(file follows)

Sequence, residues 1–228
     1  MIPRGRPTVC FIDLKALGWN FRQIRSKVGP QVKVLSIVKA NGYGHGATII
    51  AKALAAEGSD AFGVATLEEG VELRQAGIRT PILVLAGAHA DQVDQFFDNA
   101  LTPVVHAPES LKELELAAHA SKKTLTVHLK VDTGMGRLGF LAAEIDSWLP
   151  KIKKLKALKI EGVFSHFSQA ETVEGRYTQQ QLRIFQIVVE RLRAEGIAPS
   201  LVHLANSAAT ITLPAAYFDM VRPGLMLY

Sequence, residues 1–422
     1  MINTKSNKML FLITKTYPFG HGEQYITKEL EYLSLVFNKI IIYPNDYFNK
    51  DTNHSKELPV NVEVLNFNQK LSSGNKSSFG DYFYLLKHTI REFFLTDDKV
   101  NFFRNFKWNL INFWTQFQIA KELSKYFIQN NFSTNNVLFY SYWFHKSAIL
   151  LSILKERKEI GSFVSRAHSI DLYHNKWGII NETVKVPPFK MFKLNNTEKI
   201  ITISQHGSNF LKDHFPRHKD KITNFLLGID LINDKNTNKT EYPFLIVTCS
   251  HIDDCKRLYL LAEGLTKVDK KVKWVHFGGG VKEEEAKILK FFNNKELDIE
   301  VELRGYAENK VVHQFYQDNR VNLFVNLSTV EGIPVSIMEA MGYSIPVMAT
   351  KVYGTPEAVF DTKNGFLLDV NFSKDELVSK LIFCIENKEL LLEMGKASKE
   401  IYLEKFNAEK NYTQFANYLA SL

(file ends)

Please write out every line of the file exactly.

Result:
Sequence, residues 1–228
     1  MIPRGRPTVC FIDLKALGWN FRQIRSKVGP QVKVLSIVKA NGYGHGATII
    51  AKALAAEGSD AFGVATLEEG VELRQAGIRT PILVLAGAHA DQVDQFFDNA
   101  LTPVVHAPES LKELELAAHA SKKTLTVHLK VDTGMGRLGF LAAEIDSWLP
   151  KIKKLKALKI EGVFSHFSQA ETVEGRYTQQ QLRIFQIVVE RLRAEGIAPS
   201  LVHLANSAAT ITLPAAYFDM VRPGLMLY

Sequence, residues 1–422
     1  MINTKSNKML FLITKTYPFG HGEQYITKEL EYLSLVFNKI IIYPNDYFNK
    51  DTNHSKELPV NVEVLNFNQK LSSGNKSSFG DYFYLLKHTI REFFLTDDKV
   101  NFFRNFKWNL INFWTQFQIA KELSKYFIQN NFSTNNVLFY SYWFHKSAIL
   151  LSILKERKEI GSFVSRAHSI DLYHNKWGII NETVKVPPFK MFKLNNTEKI
   201  ITISQHGSNF LKDHFPRHKD KITNFLLGID LINDKNTNKT EYPFLIVTCS
   251  HIDDCKRLYL LAEGLTKVDK KVKWVHFGGG VKEEEAKILK FFNNKELDIE
   301  VELRGYAENK VVHQFYQDNR VNLFVNLSTV EGIPVSIMEA MGYSIPVMAT
   351  KVYGTPEAVF DTKNGFLLDV NFSKDELVSK LIFCIENKEL LLEMGKASKE
   401  IYLEKFNAEK NYTQFANYLA SL